Homestead 1862 – 2020

Homestead 1862 – 2020
  • Oil on Canvas
  • 24″ x 24″
  • Department of the Interior Museum
  • Washington, DC
Giclée Print
Small, image size 10” x 10”, $150
Medium, image size 14” x 14”, $195
Large, image size 22” x 22”, $295
Taxes and shipping cost will be added to the price.
Other print sizes are available. Ask the artist. 

To order, go to the Contact page. Please use e-mail or phone. State the title of the
painting, the size of the desired print and I'll be in touch.
Homestead National Monument of America in Nebraska, a wonderful place
to visit,  was established in 1936. The Heritage Center and Education building
hold the stories of folks and the land from which they were displaced and on 
which they settled between 1862 and 1986. The stories are as varied as the landscapes. 
Surviving Native Americans, their communities decimated, were forcibly 
moved to reservations, displaced on their homelands by immigrants hoping 
for a better life for themselves and their families. Many settlers lost everything, 
never receiving patents on the land they worked. 

This  painting illustrates that improvement was often 
accomplished by tilling the deep rooted native plants and planting 
annual crops with shallow root systems. In dry years this made for the infamous 
Dust Bowl. Irrigation, once thought to solve drought issues, has created its own 
set of problems. Creative folks built businesses supplying homesteads with tools 
and equipment to make farming less labor intensive. After WWII, chemical farming
became the standard and farm policy was created, often with special interests in 
mind, encouraging production of certain annual crops and supporting industries. 
These practices are now recognized to have led to a national problem with obesity
and the dissolution of our rural communities.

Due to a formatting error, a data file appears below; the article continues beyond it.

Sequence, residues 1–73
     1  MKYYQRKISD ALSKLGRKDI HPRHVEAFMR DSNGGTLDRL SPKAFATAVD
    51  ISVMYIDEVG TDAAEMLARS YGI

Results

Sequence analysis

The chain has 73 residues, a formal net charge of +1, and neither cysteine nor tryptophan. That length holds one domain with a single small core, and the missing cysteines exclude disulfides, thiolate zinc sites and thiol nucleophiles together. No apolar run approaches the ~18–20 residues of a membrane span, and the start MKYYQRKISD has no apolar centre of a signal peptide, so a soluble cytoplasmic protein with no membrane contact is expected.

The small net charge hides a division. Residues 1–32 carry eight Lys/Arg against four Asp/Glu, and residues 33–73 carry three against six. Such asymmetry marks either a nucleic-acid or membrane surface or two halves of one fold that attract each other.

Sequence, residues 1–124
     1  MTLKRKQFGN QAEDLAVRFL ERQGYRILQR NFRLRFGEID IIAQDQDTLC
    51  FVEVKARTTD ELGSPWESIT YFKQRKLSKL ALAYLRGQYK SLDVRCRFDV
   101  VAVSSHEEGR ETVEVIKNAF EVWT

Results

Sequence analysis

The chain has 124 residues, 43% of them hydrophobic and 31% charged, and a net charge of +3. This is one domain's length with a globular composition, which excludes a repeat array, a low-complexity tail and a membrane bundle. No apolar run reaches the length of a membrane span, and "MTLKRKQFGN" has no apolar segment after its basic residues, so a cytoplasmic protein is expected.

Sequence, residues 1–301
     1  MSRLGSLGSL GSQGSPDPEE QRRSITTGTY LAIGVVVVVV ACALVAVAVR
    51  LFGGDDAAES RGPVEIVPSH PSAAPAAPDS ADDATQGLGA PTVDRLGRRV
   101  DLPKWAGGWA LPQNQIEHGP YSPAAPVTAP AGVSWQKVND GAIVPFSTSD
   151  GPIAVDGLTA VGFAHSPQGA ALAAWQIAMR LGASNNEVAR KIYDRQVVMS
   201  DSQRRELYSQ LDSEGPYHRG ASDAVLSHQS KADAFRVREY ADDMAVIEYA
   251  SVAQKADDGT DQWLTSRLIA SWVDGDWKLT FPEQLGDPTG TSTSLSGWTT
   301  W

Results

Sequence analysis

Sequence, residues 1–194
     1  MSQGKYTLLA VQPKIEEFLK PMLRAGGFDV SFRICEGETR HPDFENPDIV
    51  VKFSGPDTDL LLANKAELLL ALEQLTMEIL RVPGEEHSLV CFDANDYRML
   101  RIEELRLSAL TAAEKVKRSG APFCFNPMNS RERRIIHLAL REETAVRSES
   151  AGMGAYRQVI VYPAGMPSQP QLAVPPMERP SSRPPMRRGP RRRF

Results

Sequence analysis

Kansas Rural Center, The Berry Center and the Land Institute 
in Salina, KS, are working hard on some of agriculture's biggest problems: 
loss of top soil, clean water, dead zones from chemical run-offs, depletion of aquifers, 
restoration of community and re-connecting with the land, its varied life and growing 
food sustainably. The lower right side of the painting is a tribute to the Land Institute. 
The Kernza plant, a perennial grain and with a deep root system is shown opposed to 
wheat and it's root system on the industrial, left side. A young researcher, holding seeds
of life, sits with varied life under, over and around.

Aldo Leopold's oft quoted statement from A Sand County Almanac, is found on the 
prairie trail west of the Homestead Heritage Center. “We abuse land because we see it as a 
commodity  belonging to us. When we see land as a community to which we belong, 
we may begin to use it with love and respect.”

The U.S. Dept of the Interior Museum honored me in the #5WomenArtist initiative during #WomensHistoryMonth.

“Homestead 1862 – 2020” was presented on Facebook and Twitter along with the following copy.

Among the Interior Museum’s newest works is this oil on canvas piece by Kansas-based artist, illustrator and lifelong educator, Nancy Lehenbauer Marshall. “Homestead 1862-2020” draws upon her recent artist-in-residence experience at Homestead National Historical Park in Nebraska.Her oil on canvas painting is inspired, in part, by an Aldo Leopold quote: “When we see land as a community to which we belong, we may begin to use it with love and respect.” Through a series of interwoven vignettes, Marshall simultaneously tells the Homestead story and illustrates a farming future that is eco-friendly. Taken as a whole, the painted narrative encompasses generations of changing interactions with the land: as ancestral homeland, natural habitat, migration route, and agricultural provider.🎨 OSAC 07355

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